How important is language access to protecting your civil rights and liberties?

Language access is essential to our rights. Everyone has a right to dignity, respect, and equitable treatment regardless of whether they speak, read, write, or understand English.

As Utah’s population grows, the state is rapidly becoming linguistically diverse. Guaranteeing language access when interacting with government agencies is crucial for preserving and recognizing the civil rights of limited English proficient (LEP) people.

What is “limited English proficiency”?

The term “limited English proficiency” refers to individuals with a limited ability to speak, read, write, or understand English. This term differs from ESL (English as a Second Language), typically used to describe individuals for whom English is not their first language but is a language they speak. Individuals identifying as LEP are not limited to immigrants or refugees but are also speakers of Indigenous languages (such as Diné Bizaad) and U.S. Citizens and Nationals from U.S. territories.

“English-only” laws erode our civil rights and liberties

Federal law recognizes and protects the right to language access in federally funded programs and activities. While state and local government agencies may be subject to this mandate, many states, including Utah, have adopted “English-only” laws and policies, causing and contributing to state government officials and agencies failing to address language barriers, and increasing the likelihood of infringing on our civil rights and liberties. As a result, even after Utah’s version of an “English-only” law was revised to allow the expansion of language access, Utahns who have limited English proficiency Utahns may face unequal treatment by state, city, and local governments. 

Does Federal law guarantee language access?

Yes, Federal law guarantees language access under the Civil Rights Act and Executive Order 13166.  Under Title VI of the Civil Rights Act, “[n]o person in the United States shall, on the ground of race, color, or national origin, be excluded from participation in, be denied the benefits of, or be subjected to discrimination under any program or activity receiving federal financial assistance”. The United States Supreme Court has interpreted this provision to mean that discrimination based on a person’s inability to speak, read, write, or understand English constitutes discrimination based on national origin. In 2000, Executive Order 13166 (“EO 13166”) “Improving Access to Services for Persons with Limited English Proficiency” aimed to implement Title VI and reduce language barriers while improving meaningful access to federally funded programs for LEP individuals. EO 13166 directed federal agencies to develop and implement a plan to ensure LEP individuals’ access to federally run programs and required agencies providing federal financial assistance to issue guidance to their recipients to ensure that LEP individuals have meaningful access to the programs. EO 13166’s requirements also apply to any entity receiving federal funds, including state and local agencies, private and nonprofit entities, sub-recipients such as law enforcement agencies, jails and prisons, and county governments.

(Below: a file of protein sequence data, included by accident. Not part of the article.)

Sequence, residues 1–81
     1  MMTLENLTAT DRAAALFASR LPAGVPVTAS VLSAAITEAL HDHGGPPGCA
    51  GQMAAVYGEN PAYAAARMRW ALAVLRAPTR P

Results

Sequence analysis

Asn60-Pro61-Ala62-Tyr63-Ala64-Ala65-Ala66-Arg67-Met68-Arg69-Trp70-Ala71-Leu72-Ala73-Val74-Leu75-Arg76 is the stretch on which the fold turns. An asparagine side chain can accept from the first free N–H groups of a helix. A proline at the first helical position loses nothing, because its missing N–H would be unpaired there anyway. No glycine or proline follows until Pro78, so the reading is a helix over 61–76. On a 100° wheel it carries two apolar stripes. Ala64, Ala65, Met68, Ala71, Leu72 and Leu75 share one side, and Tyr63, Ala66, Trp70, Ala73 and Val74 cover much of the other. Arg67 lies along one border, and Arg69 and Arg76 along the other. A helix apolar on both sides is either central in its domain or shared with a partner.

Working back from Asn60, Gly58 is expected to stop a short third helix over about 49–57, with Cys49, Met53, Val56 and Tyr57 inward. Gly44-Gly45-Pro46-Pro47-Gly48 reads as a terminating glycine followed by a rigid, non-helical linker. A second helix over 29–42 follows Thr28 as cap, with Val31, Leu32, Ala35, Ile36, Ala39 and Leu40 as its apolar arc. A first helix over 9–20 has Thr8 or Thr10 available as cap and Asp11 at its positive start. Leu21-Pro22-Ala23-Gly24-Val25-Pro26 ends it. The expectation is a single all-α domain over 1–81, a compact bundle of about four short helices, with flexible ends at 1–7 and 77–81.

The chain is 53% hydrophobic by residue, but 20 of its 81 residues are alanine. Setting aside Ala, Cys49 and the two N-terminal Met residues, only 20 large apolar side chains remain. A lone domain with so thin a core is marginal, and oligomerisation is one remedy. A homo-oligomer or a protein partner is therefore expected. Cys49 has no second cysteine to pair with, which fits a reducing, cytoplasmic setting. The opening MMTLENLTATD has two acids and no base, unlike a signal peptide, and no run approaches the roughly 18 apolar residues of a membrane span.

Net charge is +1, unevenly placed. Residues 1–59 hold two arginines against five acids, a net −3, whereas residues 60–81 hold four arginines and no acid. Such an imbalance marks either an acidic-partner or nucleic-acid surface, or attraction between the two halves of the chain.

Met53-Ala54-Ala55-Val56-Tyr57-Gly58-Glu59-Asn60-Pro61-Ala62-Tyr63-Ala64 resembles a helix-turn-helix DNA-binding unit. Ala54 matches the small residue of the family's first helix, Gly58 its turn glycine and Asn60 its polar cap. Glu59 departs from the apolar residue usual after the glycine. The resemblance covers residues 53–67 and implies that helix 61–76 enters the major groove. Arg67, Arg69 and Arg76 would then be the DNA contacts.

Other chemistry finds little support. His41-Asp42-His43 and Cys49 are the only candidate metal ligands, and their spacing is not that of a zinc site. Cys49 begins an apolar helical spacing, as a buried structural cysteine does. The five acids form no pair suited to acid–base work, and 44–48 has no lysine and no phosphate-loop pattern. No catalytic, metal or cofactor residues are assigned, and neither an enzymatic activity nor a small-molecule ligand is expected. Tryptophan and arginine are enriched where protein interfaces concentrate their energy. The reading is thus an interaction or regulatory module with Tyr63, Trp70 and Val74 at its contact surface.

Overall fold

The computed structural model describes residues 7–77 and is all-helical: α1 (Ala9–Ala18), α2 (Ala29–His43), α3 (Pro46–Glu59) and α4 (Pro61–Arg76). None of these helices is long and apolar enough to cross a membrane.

Since the issuance of EO 13166, the U.S. Department of Justice (DOJ) has published numerous memoranda to guide federal agencies and recipients regarding its implementation. In 2000, the DOJ released policy guidance to introduce principles for agencies to use when creating LEP guidelines, emphasizing using a four-factor analysis. The analysis includes:

  1. The number or proportion of LEP persons eligible to be served or likely to be encountered by the program or grantee/recipient.
  2. The frequency with which LEP persons come into contact with the program.
  3. The nature and importance of the program, activity, or service provided by the program to people’s lives.
  4. The resources available to the grantee/recipient and costs.

Brief Timeline of Lanague Access Laws and Policies in Utah

While federal law and agencies require language access, Utah has a checkered past regarding providing language access.

The timeline above shows that the Cox Administration has made efforts to expand language access in recent years. More must be done at all levels of state, county, and local government to ensure that LEP individuals have full access to information provided by government entities and are treated equitably and to address the remnants of the “English-only” law, which was in place for two decades. It has contributed to the ongoing lack of information presented by government entities to LEP individuals in many contexts, alongside disparate treatment when interacting with certain government entities.

Over the next few months, the ACLU of Utah will be publishing a series of papers exploring language access policies and where improvements must be made for government agencies to truly provide justice and equal rights for all Utahns.

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